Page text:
It doesn't mean this happens in every case, but it very much happens.  It's how people later get injured, they got so use to a safety system they begin to forget about it, be less careful, and/or if when needed one day it doesn't function right, they have let their guard down.

No one is just going to over night not care about the blade, it's a danger people see very clearly.  But even if they don't consciously think it, most will over time be less fearful because they know the tech is there, they will be more likely to push just a bit closer, even if they don't think they are.

If you are business, the best path would pound safety in like a crazed shop teacher, yet have saw stop in the saws, but find a way the employees can't tell it's there. That is one of the downsides with it, you know a saw has it.  If you had no way to know, you would always think of the horror stories.

Online Cheese

  • Posts: 8157
Re: Saw Shield -- New Finger-saving Technology for Table Saws and Band Saws
« Reply #29 on: December 15, 2020, 11:44 AM »
I'm with the skeptics - I want to see some reviews before I'm buying it.

As is said, "The road to heck is paved with good intentions." This could be just one of those moments.  [tongue]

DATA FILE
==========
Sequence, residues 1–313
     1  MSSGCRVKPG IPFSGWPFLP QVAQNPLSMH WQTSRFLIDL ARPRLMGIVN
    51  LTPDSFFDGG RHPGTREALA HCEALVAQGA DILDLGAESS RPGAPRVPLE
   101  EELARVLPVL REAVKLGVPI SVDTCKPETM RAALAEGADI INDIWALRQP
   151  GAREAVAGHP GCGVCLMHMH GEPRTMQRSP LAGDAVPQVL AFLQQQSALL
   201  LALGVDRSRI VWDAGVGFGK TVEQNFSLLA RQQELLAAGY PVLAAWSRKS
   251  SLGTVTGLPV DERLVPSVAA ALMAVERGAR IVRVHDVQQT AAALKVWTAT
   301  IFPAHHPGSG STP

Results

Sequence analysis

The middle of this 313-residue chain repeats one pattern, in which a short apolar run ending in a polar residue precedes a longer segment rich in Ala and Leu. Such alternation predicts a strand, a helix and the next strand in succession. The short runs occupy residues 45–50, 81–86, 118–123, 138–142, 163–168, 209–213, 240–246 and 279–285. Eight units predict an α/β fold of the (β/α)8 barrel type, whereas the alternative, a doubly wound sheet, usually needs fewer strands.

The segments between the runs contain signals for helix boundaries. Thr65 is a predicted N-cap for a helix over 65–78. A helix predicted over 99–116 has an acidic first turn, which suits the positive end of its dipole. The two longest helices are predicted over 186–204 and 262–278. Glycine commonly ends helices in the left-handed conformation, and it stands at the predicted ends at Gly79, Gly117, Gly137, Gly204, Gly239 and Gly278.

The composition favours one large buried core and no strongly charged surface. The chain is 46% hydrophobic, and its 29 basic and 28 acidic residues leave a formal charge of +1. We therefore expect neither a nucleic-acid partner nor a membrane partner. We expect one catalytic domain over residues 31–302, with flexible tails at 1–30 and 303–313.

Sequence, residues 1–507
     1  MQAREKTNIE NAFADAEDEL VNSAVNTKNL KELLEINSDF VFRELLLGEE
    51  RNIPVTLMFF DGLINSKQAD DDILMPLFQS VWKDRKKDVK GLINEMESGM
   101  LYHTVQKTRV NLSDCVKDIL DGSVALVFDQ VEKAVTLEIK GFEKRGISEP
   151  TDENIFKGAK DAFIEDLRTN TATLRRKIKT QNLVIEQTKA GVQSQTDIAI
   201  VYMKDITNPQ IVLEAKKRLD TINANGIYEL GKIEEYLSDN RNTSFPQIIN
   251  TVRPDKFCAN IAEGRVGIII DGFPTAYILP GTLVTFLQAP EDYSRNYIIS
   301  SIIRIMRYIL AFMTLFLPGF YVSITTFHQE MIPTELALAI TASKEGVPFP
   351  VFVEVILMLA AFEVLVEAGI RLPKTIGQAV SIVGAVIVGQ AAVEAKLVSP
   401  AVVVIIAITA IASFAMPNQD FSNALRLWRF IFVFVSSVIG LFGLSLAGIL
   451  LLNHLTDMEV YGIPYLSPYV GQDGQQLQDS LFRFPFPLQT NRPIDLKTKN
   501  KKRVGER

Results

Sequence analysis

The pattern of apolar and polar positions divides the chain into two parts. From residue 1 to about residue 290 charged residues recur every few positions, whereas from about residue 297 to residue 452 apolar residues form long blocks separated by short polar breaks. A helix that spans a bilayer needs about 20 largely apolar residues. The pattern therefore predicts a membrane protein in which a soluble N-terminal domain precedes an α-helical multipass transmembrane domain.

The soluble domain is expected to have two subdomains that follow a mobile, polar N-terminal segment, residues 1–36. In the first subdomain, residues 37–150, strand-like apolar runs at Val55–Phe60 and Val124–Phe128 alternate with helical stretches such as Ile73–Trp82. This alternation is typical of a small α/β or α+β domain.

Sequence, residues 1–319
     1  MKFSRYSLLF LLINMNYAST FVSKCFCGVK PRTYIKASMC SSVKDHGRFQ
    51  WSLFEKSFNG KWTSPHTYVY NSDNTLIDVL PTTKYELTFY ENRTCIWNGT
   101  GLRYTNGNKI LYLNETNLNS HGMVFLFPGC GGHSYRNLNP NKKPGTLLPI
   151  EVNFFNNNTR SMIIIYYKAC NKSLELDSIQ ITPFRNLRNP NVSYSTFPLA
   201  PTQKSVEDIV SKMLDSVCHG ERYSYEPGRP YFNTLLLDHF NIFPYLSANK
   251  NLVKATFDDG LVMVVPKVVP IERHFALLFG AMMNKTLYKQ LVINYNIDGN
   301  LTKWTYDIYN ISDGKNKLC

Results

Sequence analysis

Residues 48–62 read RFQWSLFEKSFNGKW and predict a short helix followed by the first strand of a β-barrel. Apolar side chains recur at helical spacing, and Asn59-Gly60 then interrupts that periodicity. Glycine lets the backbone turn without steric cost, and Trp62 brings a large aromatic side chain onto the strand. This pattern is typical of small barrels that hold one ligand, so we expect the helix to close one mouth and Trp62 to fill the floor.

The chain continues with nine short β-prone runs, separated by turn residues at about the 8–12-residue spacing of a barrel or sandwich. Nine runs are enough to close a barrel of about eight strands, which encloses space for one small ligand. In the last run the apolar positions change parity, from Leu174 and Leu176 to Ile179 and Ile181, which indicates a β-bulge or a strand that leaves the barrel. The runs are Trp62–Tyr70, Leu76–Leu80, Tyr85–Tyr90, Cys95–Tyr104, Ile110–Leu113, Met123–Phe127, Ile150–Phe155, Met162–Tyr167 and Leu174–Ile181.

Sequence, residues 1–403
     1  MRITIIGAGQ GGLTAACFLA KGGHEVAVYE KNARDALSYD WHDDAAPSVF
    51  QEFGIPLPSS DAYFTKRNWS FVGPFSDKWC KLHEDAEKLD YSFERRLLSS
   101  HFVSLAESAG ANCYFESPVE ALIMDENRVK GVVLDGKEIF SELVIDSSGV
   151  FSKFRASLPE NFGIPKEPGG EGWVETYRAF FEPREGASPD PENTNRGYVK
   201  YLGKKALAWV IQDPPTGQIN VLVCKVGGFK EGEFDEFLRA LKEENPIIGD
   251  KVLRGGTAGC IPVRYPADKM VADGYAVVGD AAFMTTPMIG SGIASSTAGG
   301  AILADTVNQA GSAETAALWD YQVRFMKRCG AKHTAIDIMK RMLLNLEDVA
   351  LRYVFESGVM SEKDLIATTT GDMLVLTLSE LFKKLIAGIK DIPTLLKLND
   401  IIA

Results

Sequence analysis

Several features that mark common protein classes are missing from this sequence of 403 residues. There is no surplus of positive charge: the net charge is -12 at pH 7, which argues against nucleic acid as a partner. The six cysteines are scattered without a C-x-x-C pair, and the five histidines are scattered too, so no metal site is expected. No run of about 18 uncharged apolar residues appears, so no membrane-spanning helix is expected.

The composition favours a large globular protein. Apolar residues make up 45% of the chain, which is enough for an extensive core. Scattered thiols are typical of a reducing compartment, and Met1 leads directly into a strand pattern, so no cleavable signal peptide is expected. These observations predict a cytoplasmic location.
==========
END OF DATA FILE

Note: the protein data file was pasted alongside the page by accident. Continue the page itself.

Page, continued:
This is a photo of the brake cartridge, nothing special from the outside and also not particularly confidence inspiring. For this product to work 2 things have to happen, the brake pucks must actuate properly and neither them or the brake cartridge can be ripped from its mountings.




Keeping the above in mind, I then ran across these FAQ's on the Saw Shield website.

Is Saw Shield compatible with my table saw?

After ordering, you will receive an email asking you the make and model of your saw. We will use this information to provide you with an installation bracket designed to fit your saw. We have saw specific brackets already designed for many table saws. However, if we don't have a bracket designed for your table saw, we will work with you to make one.

How do I install the dado cartridge?

The dado cartridge simply snaps into place, and can be easily installed in under a minute while changing blades.


I don't know about others, but to me, these statements are also not very confidence inspiring. I guess I'll wait until the summer of 2021 to sign up for this program.